Background: Vascular endothelial growth factor (VEGF) is a potent angiogenic cytokine, and various inhibitory agents, including specific antibodies, have been developed to block VEGF-stimulated angiogenesis. We developed HuMV833, a humanized version of a mouse monoclonal anti-VEGF antibody (MV833) that has antitumor activity against a number of human tumor xenografts, and investigated the distribution and biologic effects of HuMV833 in patients in a phase I trial. Methods: Twenty patients with progressive solid tumors were treated with various doses of HuMV833 0.3, 1, 3, or 10 mg/kg). Positron emission tomography with 124I-HuMV833 was used to measure the antibody distribution in and clearance from tissues. Magnetic resonance imaging was used to measure the vascular permeability surface area product with a first-pass pharmacokinetic model (Kfp) to determine tumor vascular permeability. Results: The antibody was generally well tolerated, although the incremental dose, phase I study design, and pharmacodynamic end-points could not identify the optimum biologically active dose. Antibody distribution and clearance were markedly heterogeneous between and within patients and between and within individual tumor. HuMV833 distribution to normal tissues also varied among patients, but the antibody was cleared from these tissues in a homogeneous fashion. Permeability was strongly heterogeneous between and within patients and between and within individual tumors. All tumors showed a reduction in kfp 48 hours after the first treatment (median = 44%, range = 4%-91%). Conclusions: Because of the heterogeneity in tumor biology with respect to anti-body uptake and clearance, we suggest that either intrapatient dose escalation approaches or larger, more precisely defined patient cohorts would be preferable to conventional strategies in the design of phase I studies with anitiangiogenic compounds like HuMV833.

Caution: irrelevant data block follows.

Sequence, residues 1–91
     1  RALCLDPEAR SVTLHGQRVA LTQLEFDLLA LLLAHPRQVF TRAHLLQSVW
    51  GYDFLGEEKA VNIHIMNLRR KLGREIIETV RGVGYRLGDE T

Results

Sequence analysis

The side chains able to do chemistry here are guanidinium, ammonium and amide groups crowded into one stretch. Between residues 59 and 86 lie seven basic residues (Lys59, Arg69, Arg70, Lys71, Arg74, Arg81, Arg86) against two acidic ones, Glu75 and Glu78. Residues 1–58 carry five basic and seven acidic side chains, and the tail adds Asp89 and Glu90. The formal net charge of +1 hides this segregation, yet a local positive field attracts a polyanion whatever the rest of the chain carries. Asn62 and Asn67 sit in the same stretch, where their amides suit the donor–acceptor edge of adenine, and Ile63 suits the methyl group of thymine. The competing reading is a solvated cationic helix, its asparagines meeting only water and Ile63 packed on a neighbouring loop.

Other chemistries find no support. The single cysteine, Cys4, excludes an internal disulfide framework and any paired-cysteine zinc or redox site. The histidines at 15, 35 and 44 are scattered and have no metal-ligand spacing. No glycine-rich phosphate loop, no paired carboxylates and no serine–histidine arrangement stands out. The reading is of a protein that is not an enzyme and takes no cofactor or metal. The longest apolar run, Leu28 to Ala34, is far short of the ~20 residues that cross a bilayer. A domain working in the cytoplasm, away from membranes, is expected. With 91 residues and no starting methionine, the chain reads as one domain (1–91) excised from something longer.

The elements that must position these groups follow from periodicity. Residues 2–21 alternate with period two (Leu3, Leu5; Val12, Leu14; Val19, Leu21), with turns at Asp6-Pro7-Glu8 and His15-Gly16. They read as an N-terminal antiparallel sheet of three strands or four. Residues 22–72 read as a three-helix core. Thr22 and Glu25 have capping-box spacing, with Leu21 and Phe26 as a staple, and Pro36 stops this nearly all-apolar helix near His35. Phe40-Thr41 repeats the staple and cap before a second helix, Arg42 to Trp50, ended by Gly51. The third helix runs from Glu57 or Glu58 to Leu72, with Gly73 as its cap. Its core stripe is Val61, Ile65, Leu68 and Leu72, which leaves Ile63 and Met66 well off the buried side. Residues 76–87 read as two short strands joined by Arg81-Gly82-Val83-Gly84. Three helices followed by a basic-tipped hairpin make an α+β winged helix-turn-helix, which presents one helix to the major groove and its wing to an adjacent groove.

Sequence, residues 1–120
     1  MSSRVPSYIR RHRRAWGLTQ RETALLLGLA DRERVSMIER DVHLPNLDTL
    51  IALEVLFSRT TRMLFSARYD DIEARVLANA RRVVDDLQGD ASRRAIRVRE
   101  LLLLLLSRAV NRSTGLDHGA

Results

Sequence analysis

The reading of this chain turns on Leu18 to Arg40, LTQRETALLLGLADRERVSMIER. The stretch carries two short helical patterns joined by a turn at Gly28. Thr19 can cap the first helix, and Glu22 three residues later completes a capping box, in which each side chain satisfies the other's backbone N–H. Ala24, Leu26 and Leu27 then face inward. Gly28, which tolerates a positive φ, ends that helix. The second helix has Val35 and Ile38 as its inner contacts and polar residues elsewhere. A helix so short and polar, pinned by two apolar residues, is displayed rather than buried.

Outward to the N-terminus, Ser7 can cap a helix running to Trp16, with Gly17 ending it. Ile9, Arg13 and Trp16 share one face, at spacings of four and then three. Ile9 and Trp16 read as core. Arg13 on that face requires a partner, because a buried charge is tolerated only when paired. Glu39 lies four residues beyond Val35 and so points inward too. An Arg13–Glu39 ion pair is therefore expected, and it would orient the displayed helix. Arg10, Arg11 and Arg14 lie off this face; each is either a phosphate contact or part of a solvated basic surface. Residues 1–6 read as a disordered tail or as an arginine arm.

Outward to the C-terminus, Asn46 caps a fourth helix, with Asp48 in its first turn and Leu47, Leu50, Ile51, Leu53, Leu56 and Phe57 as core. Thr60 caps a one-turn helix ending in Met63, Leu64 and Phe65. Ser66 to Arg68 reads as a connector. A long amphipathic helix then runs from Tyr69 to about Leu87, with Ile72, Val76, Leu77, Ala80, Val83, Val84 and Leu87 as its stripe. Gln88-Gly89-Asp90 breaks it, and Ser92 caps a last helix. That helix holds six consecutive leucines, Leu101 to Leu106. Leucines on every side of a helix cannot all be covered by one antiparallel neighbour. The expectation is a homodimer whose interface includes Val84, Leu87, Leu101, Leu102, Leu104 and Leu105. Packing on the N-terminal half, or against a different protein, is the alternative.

2002. Vol. 94, no 19, 1484-1493 p.